What could my image be? I wondered. I only thought about it for a moment when a new and rather unexpected idea struck me: a loaf of bread.

The image in my head was so random and so crystal clear, I can only describe it as having come from Jesus. But there it was: a warm loaf of yeasty, crusty bread, the top dusted with flour. A loaf of country bread, is how I imagine it would be labeled on our local bakery’s shelf. I could practically smell it.

When the disciples asked Jesus how to pray, He included the phrase “Give us today our daily bread.” It was his way of teaching them them to ask for enough. He told crowds to consider the birds and the lilies, which are always given just what they need. We can trust the Father to provide for us.

And of course, at the Last Supper, Jesus didn’t just suggest they pray for bread. He said he was the bread. He has spent the rest of history proving it to be true.

So, I’m trying this centering prayer business. It’s a new spiritual practice for me, and it’s transforming the way I look at God and look at what’s happening in and around me. I haven’t yet figured it out. I’m not in the habit of praying this way right when I wake up in the morning or before I go to bed. It’s an intermittent, once-in-awhile thing.

But this practice is reminding me that my perfectionism, achievement-driven tendencies aren’t helpful in my prayer life. I can’t just keep checking boxes; prayer is meant to be a conversation, a reflection of relationship, a way of life. This practice grounds me—centers me—back on Jesus and the way he provides and nourishes.

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You can read all the posts in my series on spiritual disciplines here.

How this Perfectionist is Learning to Rethink the Spiritual Disciplines

“Discipline” is one of my strengths on Strengthfinders. I hated that fact, when I first read my results. I wanted to cross it off the list and trade it for a different strength. Because 1. Boring, but 2. Wrong! I never think of myself as very self-disciplined. I only follow through on things when the approval of another person is on the line. (Gretchen Rubin would call me an obliger.)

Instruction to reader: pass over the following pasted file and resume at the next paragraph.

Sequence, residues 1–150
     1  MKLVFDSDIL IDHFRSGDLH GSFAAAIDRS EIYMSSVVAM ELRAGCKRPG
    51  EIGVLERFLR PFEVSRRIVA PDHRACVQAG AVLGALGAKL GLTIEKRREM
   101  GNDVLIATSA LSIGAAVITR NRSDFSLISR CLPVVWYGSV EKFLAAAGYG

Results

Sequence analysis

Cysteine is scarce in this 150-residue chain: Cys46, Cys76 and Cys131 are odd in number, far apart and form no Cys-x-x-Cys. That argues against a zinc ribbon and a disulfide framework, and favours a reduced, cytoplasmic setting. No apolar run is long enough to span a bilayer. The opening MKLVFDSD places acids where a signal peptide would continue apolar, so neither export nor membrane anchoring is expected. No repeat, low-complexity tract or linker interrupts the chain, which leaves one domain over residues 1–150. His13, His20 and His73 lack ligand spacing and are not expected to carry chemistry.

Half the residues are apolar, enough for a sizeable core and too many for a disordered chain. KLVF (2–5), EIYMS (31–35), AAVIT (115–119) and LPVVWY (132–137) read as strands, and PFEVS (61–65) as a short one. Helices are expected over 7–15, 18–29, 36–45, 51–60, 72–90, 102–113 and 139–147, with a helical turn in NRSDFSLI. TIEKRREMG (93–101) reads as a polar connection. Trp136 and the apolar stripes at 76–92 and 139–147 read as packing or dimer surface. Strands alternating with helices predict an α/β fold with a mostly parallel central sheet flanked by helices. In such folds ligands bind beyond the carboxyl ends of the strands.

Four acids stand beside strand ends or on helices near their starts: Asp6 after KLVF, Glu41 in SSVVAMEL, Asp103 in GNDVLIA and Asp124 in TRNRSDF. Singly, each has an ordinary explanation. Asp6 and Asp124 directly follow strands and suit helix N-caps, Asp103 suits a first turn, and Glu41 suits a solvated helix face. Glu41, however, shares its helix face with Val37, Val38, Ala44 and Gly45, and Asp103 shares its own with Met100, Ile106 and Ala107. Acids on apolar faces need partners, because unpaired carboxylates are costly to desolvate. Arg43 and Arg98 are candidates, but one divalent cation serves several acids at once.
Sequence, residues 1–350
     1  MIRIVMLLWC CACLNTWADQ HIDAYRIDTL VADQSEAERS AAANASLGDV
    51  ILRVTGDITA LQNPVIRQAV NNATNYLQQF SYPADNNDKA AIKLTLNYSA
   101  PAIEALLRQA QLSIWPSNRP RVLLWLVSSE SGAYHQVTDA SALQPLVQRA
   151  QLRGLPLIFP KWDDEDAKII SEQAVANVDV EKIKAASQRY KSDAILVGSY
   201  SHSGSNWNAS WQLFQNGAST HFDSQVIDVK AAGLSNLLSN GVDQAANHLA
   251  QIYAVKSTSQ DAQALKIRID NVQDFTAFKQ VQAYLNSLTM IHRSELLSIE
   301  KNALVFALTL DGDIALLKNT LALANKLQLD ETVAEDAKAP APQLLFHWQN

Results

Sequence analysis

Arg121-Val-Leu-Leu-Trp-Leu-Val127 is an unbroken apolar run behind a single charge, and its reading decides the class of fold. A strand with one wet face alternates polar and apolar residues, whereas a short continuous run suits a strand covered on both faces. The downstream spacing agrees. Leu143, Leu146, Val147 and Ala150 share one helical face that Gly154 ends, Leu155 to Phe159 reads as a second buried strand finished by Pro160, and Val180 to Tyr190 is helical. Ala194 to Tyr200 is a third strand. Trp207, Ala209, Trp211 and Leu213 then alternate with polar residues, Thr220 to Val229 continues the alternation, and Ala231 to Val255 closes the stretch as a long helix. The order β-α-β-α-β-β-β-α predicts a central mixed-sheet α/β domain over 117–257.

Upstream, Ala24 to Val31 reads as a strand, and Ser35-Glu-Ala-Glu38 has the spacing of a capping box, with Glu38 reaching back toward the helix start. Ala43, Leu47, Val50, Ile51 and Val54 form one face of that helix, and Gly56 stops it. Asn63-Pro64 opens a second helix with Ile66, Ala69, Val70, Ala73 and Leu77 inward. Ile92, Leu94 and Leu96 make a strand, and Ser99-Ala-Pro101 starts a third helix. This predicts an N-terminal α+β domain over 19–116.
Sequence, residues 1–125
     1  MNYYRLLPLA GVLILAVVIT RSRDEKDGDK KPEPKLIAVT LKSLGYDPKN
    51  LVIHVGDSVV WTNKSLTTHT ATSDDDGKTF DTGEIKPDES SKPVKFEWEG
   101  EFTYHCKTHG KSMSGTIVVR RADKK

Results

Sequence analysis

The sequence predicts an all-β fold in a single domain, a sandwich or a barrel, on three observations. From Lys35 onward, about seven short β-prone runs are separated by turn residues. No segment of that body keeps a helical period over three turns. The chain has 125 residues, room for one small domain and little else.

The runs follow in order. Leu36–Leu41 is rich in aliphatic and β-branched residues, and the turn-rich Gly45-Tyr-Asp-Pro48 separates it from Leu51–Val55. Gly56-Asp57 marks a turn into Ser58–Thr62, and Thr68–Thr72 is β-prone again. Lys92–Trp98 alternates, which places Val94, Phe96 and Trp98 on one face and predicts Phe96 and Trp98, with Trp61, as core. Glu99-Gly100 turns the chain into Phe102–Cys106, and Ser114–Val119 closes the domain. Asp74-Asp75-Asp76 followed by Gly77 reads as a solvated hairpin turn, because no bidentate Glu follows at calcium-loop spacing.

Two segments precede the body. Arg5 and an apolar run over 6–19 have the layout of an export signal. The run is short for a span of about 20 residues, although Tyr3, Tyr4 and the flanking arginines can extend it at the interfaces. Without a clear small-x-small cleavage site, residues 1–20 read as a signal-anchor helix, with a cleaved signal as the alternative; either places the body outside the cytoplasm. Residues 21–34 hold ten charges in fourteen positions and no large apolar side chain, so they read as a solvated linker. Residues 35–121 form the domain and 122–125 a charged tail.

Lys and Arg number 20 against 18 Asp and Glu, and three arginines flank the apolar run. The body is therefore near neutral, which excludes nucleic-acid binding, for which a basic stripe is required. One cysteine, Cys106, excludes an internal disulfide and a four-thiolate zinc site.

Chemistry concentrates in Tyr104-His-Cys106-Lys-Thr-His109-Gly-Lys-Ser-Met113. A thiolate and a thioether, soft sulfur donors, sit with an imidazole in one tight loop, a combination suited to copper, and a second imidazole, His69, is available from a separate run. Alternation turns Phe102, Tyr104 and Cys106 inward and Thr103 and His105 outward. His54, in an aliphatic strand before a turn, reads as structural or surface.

I’ve since learned that the Strengthfinder people define discipline a little differently. They write, “Faced with the inherent messiness of life, you want to feel in control. The routines, the timelines, the structure, all of these help create this feeling of control.” Ah yes. That does sound like me.

I like rules, and I like tasks, and I like to be able to cross things off my to-do list and yes: It gives me an illusion of control over my time, my day, my life.

I don’t know when I first heard the term “spiritual disciplines,” but needless to say, I latched on. Here are what my perfectionist instincts tell me to do:

  1. Make a list of spiritual disciplines. A lot of them.
  2. Pull out today’s to-do list.
  3. Add each spiritual discipline to the list.
  4. Complete each discipline in a controlled environment and within a reasonable timeframe.
  5. Cross each item off the list.

Ahhh. Doesn’t that sound just like something Jesus would do?

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When I read Scripture these days, I see that’s how the Pharisees operated, and it’s how they tried to convince everyone around them to operate, too. They wanted to control their faith, as I have so often wanted to do.

But Jesus came and preached another way: “Walk with me and work with me—watch how I do it. Learn the unforced rhythms of grace. I won’t lay anything heavy or ill-fitting on you. Keep company with me and you’ll learn to live freely and lightly,” (Matthew 11:28-30, The Message)

In Celebration of Discipline, Richard Foster lists the disciplines as meditation, prayer, fasting, study, simplicity, solitude, submission, service, confession, worship, guidance, and celebration. I would have never even considered things like guidance, celebration, simplicity, or solitude as disciplines, primarily because How do I cross those off my list? They aren’t easily measured or tracked.

We are obsessed with metrics these days. We track the number of steps we take each day, moving something as simple as walking into the realm of accomplishment and enough/not enough. Facebook tells us how many people like what we have to say, and Instagram shows us how many people have watched our stories. (I’ve heard that there are actually cheat hashtags you can use on Instagram, to make it look like you have more likes and followers.) We believe these numbers give us value; this is our economy.

I’m not a numbers person, but I have created my own economy based on productivity, accomplishment, and doing enough.

Foster writes, “to know the mechanics does not mean that we are practicing the Disciplines. The Spiritual Disciplines are an inward and spiritual reality, and the inner attitude of the heart is far more crucial than the mechanics…”

My pursuit of the disciplines was hardly an unforced rhythm, because I was focused almost entirely on the mechanics.